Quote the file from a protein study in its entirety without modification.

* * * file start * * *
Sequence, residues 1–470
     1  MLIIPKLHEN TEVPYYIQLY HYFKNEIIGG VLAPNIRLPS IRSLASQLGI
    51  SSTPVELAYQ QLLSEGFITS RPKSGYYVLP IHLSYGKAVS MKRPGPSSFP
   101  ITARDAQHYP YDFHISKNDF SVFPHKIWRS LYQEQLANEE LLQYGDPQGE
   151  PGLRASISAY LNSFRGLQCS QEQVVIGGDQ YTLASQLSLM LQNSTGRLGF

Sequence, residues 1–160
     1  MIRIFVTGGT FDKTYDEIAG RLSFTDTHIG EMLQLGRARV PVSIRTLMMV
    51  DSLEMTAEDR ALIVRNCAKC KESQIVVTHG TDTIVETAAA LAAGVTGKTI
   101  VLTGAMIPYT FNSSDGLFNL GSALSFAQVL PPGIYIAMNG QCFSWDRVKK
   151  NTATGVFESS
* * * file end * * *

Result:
Sequence, residues 1–470
     1  MLIIPKLHEN TEVPYYIQLY HYFKNEIIGG VLAPNIRLPS IRSLASQLGI
    51  SSTPVELAYQ QLLSEGFITS RPKSGYYVLP IHLSYGKAVS MKRPGPSSFP
   101  ITARDAQHYP YDFHISKNDF SVFPHKIWRS LYQEQLANEE LLQYGDPQGE
   151  PGLRASISAY LNSFRGLQCS QEQVVIGGDQ YTLASQLSLM LQNSTGRLGF

Sequence, residues 1–160
     1  MIRIFVTGGT FDKTYDEIAG RLSFTDTHIG EMLQLGRARV PVSIRTLMMV
    51  DSLEMTAEDR ALIVRNCAKC KESQIVVTHG TDTIVETAAA LAAGVTGKTI
   101  VLTGAMIPYT FNSSDGLFNL GSALSFAQVL PPGIYIAMNG QCFSWDRVKK
   151  NTATGVFESS